Since we’ve been iced in this afternoon, I have had time to think about some frequently misused, mispronounced and otherwise sadly used and abused parts of our language.
For a seasonal touch, consider the pronunciation of the word, “poinsettia.” For most of my life I pronounced it as I had heard it all my life: “poin-sett-ah.” But check it out–the word admits of a different pronunciation, one I first noticed my sister-in-law using: “poin-sett-ee-ah.” Occasionally I hear this pronounced correctly in the media and in public, but for the most part it isn’t.
And there’s that long piece of lawn furniture most people call a “chaise long.” That’s a hybrid term, “chaise” meaning “chair” in French, and “long” meaning “long” in English. (Wanted to see if you were napping)! Actually, the correct term is “chaise longue.” You will recall from your high school French that “longue” means “long.” (Stay awake, now.) If you say this term correctly, you will be thought to be arty and pretentious, and that’s what we’re all striving for, n’est ce pas?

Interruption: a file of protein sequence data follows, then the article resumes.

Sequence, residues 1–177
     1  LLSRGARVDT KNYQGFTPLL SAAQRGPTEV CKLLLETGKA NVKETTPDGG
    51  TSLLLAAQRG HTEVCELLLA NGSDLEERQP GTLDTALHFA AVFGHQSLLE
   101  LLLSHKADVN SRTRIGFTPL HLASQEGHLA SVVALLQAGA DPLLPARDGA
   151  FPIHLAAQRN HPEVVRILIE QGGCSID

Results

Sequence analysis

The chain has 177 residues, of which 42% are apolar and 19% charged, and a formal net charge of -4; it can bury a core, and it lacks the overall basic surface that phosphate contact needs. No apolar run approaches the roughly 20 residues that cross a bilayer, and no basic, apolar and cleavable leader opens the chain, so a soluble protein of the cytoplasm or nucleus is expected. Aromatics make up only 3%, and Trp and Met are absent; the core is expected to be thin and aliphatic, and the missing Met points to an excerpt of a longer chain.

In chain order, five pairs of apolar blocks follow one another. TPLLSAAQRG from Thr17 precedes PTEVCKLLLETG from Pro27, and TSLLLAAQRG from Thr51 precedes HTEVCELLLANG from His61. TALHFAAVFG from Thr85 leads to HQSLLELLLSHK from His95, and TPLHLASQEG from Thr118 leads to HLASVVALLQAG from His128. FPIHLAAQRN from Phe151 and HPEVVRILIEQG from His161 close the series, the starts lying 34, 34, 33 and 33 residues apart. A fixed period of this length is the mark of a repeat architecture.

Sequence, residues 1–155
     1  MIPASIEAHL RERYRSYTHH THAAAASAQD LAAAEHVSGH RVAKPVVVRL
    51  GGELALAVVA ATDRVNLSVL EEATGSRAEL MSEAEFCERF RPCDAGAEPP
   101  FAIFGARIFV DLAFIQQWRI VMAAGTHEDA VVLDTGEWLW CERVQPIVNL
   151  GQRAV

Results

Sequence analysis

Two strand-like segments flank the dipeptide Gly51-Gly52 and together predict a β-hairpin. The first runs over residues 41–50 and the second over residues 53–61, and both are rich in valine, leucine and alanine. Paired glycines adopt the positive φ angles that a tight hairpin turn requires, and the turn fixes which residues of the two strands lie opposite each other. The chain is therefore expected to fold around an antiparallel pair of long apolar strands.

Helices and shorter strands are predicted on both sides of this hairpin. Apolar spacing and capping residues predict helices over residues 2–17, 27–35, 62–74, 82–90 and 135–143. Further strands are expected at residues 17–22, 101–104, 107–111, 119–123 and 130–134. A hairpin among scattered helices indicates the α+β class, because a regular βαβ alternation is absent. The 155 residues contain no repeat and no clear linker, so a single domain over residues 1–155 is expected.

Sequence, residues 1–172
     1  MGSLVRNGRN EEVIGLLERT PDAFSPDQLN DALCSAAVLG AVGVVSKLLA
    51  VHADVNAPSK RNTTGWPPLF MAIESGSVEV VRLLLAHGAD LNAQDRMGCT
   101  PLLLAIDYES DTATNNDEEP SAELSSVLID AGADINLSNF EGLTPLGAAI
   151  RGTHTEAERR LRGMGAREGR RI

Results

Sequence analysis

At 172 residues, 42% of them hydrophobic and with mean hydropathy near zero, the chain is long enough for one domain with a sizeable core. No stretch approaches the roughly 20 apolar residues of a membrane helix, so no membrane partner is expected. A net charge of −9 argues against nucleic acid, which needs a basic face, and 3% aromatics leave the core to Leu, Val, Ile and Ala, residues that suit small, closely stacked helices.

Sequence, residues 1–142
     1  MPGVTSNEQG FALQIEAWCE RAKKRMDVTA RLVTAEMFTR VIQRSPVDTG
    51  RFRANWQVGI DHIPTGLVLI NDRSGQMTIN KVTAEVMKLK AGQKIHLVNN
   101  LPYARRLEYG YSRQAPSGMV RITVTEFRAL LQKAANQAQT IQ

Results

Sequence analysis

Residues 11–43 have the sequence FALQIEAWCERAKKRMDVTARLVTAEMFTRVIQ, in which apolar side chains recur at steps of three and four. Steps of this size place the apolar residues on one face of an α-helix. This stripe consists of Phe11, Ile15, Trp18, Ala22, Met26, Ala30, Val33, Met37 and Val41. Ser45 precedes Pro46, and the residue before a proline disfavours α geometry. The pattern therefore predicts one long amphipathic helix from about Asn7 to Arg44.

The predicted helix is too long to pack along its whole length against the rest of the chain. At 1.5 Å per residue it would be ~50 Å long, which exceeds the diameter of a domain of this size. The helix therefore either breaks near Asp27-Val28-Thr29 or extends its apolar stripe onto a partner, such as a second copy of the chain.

I’m exhausted from trying to save civilization as we know it one term at a time. I hope you’ll send me examples of language faux pas and even a few bons mots. Et toi! Laissez the bons temps roulez!